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A Southern Newspaper Lashes out against the Fugitive Slave Law

With the Compromise of 1850, the North and South avoided - or more accurately, delayed - a struggle that threatened to rip the Union apart. The Compromise included a Fugitive Slave Law, which empowered the federal government to prosecute northern whites who shielded runaways. Bounty hunters sometimes wrongfully seized free blacks born in the North as escaped slaves. In response, black Americans and their white allies used force to protect fugitive slaves, sometimes attacking and even killing their pursuers. Conflicts sparked by the Fugitive Slave Law also infuriated southern slaveholders, who believed that the federal government was failing to keep northern abolitionists in check.

The Fugitive Law.
With the Constitution or without it – with the Fugitive Law or without it – there is still for Northern [states] and Fanatic bands, "a Higher Law," which sanctions the violation of all faith with the slaveholder, the robbing of his property and the taking of his life.

It is the most stupid of delusions which leads Southerners to rely upon the protection of the Constitution of the Fugitive Law, in the recovery of their slaves.....Had the Constitution been faithfully executed the South would not have needed the Fugitive Law, and it was therefore, the veriest of cheats, which led the South to believe that the miserable patchwork of this Law would or could restore vitality to a treaty which had already been spurned by the North. How far we are right, let the following answer:

Seeking Fugitive Slaves in Chicago - Colored People Flogging Slave Hunters.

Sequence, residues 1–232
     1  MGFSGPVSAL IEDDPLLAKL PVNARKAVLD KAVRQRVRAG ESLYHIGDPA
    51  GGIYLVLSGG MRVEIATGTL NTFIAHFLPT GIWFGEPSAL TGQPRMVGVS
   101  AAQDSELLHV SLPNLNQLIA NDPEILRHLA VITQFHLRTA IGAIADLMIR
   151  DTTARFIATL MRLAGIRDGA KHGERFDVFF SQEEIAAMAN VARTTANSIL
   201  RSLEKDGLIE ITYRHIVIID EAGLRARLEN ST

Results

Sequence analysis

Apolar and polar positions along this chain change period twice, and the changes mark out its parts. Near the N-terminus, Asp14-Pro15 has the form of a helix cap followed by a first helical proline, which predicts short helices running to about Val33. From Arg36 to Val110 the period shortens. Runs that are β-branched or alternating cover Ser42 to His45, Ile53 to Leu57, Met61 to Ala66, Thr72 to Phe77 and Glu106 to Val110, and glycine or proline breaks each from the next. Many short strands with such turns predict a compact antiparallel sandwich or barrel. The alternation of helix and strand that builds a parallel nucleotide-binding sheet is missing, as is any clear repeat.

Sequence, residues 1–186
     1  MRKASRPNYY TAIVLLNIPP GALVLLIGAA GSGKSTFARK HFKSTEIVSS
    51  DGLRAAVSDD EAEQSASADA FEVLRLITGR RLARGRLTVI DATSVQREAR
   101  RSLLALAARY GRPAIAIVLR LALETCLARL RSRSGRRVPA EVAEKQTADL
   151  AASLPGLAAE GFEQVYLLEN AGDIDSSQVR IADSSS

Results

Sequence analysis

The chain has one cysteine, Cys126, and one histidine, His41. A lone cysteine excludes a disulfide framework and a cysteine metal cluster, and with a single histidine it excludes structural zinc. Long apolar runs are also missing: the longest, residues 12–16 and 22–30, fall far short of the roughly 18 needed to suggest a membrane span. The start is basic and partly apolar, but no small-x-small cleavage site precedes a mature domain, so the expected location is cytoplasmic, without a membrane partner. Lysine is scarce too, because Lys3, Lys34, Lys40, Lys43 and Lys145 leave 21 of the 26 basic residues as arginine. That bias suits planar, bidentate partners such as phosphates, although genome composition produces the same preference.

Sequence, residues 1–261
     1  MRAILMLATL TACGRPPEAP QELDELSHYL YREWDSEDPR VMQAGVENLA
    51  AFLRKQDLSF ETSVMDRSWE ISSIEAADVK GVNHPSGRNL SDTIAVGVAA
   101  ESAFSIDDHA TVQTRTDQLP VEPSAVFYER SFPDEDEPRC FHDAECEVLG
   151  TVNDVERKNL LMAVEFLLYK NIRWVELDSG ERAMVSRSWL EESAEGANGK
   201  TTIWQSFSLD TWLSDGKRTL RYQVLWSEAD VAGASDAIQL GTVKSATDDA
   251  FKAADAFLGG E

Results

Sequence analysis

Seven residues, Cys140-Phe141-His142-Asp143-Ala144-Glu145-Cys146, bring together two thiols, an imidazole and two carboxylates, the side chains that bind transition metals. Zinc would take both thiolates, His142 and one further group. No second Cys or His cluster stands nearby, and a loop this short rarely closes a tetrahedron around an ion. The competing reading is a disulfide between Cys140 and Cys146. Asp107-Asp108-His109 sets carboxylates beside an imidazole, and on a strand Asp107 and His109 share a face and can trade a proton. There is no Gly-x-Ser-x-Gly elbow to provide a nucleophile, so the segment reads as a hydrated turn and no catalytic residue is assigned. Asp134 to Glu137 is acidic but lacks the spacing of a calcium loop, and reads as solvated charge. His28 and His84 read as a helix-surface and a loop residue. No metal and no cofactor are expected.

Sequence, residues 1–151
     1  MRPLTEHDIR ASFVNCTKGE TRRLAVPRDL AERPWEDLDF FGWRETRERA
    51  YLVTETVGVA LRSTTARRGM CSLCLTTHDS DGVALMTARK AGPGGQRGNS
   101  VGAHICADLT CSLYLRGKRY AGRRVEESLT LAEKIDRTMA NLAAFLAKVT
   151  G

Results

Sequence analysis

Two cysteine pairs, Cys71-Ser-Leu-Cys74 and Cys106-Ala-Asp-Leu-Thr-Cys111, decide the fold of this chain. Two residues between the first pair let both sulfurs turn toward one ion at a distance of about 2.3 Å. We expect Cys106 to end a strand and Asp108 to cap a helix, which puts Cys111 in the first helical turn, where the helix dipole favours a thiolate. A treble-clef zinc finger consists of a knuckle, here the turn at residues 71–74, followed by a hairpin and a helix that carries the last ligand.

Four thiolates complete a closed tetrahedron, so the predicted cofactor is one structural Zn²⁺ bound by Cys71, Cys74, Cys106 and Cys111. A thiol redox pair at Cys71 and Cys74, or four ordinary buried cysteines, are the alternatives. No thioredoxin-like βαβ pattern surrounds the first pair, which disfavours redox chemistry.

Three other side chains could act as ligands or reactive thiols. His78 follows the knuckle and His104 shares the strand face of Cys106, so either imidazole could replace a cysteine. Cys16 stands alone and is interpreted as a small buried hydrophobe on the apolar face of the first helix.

From the Chicago Tribune, February 15. 
About two months ago, two men, who live near Independence, Missouri, named Calvert and Bagsby, came to this city in search of four of their runaway slaves, who had come thus far on their way to freedom...[The slaveholders'] runaway chattels were all here, consisting of two young women and two men. They soon found out this, and [hired] a person named Thurston, who promised to catch their negros for them for $40. This they paid over to him, but Thurston found that negro-catching was not quite so easy a matter, and did not fulfill his promise.

The colored people here concluded that [the slaveholders] had bothered them long enough, and concluded to give them a sound whipping and send them back to Missouri. So on Friday night...some fifteen stout gentlemen from Africa awaited them. Mr. Calvert was armed with a pistol, and on finding himself in rather dangerous company, drew it and attempted to shoot one of his assailants. He was immediately knocked down and delivered over to the tender mercies of a two-fisted negro, who gave him a sound dressing, while his comrade was treated in the same manner. They were then set upon their feet and told to run for their lives, which they did in excellent style.

They left home yesterday morning, without their "niggers,"  having expended two or three hundred dollars in the search for them, and armed all the time with a writ from the United States Court for their apprehension, and covered all over with the panapoly of the Fugitive Slave Law. 

Source | "The Fugitive Law," Charleston (SC) Mercury, 2 March 1855, 2; House Divided: The Civil War Era and Dickinson College, http://housedivided.dickinson.edu/main/index.php?q=node/1530.
Creator | Charleston Mercury
Item Type | Newspaper/Magazine
Cite This document | Charleston Mercury, “A Southern Newspaper Lashes out against the Fugitive Slave Law,” HERB: Resources for Teachers, accessed February 20, 2020, https://herb.ashp.cuny.edu/items/show/933.

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